A redesign to return the beloved gossip website to its celebrity-positive roots
from the client "The upgrades to okmagazine.com deliver an unparalleled user experience with a cleaner look and bolder design that delivers the kind of experience that consumers have come to expect and will provide an opportunity for us to engage them even more with each and every visit."
Reaching back to its print roots as a celebrity-positive publication (a unique facet of OK! in the celebrity journalism vertical), one of our core goals was to bring that foundational aspect of the brand to the new digital design. Numerous elements of the new design were inspired by the beloved print publication: the use of the iconic Neutraface Titling typeface, the bold color palette, the omnipresent “OK!” branding, the focus on celebrities (represented by bolding their names), and big, glossy, immersive photo galleries. The new site also features prominent “channels” (OK! News, OK! Babies, OK! Style, etc.), a pattern also borrowed from the print property.
One of the primary goals we heard throughout discovery was a desire to keep users on-site for a longer period of time and increase PPV (pages per visit). To achieve this, we created “recirculation” units to surface content that we hypothesized would be compelling to users. From our conversations with the editors, we learned many users were arriving to stories about A-list celebrities via portals like Yahoo! News. We guessed this traffic would be less likely to click on stories about lesser known reality TV stars, so we introduced the concept of “A list” celebrities to the content management system which allowed the site to be smarter about which stories would be shown when. We also invented a creative way to surface older content: A “Timehop/Throwback Thursday” feature that surfaces content from one year ago, which also doubled as a sponsorship opportunity for advertisers. Finally, the site offers seamless integrations with monetization partners ShareThrough, Zergnet, and Taboola.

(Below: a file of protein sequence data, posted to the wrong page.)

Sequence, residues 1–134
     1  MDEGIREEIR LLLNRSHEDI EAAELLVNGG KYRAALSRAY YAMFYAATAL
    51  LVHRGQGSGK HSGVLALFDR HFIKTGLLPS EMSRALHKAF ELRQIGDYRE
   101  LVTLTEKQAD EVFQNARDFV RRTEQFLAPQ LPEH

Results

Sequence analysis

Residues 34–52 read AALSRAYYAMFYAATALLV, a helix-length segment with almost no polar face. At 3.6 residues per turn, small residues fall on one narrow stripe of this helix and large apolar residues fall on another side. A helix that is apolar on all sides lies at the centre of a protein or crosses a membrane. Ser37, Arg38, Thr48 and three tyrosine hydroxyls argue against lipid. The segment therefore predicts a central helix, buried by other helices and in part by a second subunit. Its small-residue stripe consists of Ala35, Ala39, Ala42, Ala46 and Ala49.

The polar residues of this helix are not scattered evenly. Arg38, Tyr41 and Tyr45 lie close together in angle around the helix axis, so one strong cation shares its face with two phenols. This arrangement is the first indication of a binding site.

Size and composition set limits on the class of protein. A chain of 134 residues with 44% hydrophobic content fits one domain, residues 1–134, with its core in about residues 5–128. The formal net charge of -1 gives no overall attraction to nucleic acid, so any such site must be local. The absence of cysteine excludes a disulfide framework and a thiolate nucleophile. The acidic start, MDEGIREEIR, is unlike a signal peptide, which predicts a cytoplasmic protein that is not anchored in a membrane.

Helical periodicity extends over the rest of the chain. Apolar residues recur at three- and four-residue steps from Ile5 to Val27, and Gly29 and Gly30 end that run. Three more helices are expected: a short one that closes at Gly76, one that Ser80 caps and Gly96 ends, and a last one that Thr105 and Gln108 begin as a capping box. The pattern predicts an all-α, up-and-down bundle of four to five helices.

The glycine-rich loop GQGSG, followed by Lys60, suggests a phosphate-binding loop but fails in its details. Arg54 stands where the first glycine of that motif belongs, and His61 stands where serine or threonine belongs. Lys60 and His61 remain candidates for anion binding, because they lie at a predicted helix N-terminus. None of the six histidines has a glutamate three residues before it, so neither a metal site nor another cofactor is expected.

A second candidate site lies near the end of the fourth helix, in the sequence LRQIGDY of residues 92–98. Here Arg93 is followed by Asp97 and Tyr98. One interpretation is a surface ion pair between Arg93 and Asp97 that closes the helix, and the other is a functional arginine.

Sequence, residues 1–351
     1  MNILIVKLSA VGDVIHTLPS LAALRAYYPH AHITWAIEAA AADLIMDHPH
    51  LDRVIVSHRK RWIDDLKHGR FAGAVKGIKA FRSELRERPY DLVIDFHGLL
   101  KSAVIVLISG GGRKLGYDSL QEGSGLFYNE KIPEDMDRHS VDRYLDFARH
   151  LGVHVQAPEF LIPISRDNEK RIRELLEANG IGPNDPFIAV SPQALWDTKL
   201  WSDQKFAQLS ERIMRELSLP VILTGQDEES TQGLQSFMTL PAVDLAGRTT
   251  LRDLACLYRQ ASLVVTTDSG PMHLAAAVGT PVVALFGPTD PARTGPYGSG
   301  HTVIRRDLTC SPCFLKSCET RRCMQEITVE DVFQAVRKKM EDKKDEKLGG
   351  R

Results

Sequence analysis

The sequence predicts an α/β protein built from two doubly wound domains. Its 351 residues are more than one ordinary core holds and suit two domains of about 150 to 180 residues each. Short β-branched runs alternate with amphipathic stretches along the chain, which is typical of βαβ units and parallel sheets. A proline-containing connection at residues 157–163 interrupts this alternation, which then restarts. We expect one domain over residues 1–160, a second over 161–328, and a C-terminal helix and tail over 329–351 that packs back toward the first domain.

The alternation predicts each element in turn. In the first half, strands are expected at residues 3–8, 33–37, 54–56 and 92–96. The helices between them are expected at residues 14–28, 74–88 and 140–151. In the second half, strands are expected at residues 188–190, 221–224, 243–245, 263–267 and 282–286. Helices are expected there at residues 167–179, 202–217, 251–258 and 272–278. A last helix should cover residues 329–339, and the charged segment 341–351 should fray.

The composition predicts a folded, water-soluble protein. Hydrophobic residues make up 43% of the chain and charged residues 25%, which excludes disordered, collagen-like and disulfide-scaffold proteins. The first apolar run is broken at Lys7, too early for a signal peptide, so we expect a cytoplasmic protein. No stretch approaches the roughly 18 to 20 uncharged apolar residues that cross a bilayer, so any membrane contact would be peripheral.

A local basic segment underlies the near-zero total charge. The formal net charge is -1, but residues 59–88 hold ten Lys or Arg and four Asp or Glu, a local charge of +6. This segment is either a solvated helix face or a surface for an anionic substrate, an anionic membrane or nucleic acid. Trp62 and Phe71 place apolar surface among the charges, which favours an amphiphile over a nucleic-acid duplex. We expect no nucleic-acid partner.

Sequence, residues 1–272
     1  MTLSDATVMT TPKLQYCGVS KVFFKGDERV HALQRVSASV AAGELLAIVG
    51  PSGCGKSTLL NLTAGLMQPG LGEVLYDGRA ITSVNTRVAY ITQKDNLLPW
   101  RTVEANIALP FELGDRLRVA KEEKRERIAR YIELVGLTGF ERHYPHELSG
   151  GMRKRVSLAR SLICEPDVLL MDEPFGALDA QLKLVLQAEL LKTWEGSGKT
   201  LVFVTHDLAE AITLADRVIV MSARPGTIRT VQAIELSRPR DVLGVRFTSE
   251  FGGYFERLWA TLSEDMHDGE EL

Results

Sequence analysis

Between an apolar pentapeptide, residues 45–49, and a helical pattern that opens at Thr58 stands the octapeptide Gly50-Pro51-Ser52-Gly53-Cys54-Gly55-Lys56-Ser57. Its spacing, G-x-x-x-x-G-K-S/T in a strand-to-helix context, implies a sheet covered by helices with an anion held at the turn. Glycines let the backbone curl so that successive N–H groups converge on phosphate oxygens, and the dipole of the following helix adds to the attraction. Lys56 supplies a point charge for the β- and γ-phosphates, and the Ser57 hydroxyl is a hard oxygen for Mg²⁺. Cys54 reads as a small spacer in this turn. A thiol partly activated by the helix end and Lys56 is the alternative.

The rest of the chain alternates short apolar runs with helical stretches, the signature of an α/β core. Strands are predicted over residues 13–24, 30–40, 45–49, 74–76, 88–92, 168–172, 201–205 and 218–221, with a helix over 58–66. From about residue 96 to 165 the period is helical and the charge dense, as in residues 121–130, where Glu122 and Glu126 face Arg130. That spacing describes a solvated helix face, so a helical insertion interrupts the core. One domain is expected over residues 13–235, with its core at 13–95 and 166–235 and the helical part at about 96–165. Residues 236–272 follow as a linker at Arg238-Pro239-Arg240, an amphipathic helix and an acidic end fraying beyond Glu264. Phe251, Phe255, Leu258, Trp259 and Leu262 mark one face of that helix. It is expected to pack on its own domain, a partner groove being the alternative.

A deep dive into the Google Analytics data revealed that 90% of current traffic is mobile traffic. A mobile-first approach was a must, and for Simpatico “mobile-first” literally meant we first designed the mobile, and then figured out how to adapt that design for desktop.
From the sales and monetization teams, we consistently heard that direct advertisers want to be insulated from salacious content. However, from the editorial and audience development teams, we were met with a bit more reluctance (“salacious sells”). To address this, we proposed introducing a “positive/negative” toggle on articles in WordPress so the CMS develops more knowledge about content. This would give editorial and sales the ability to “turn off” salacious content on the homepage to make it brand safe for certain types of advertisers.
The modular, clean design offers plenty of white space and features a glossy photo-rich experience for readers. For advertisers, the redesign offers high impact ad units and first-to-market formats that degrade gracefully for programmatic selling. The ad units were designed to maximize viewability: the left rail ads “stick” to the top of the screen resulting in a beautiful, highly viewable ad experience. Not only do the top level content channels provide readers with a quick way to find interesting content, they make for excellent sponsorship opportunities. To accommodate one-off advertising specials, we created a design for content hubs that editorial can create “on the fly,” along with an alternate long-form article template perfect for sponsorships.
The site launched on November 15. Thanks to the improved design, the OK! sales team was able to land a launch sponsorship of the OK! Reality channel with MTV, and the user experience dramatically improved with this streamlined approach: since launch, the site experienced a dramatic 54% decrease in bounce rate, 55% increase in pages per session, and 40% increase in average session duration.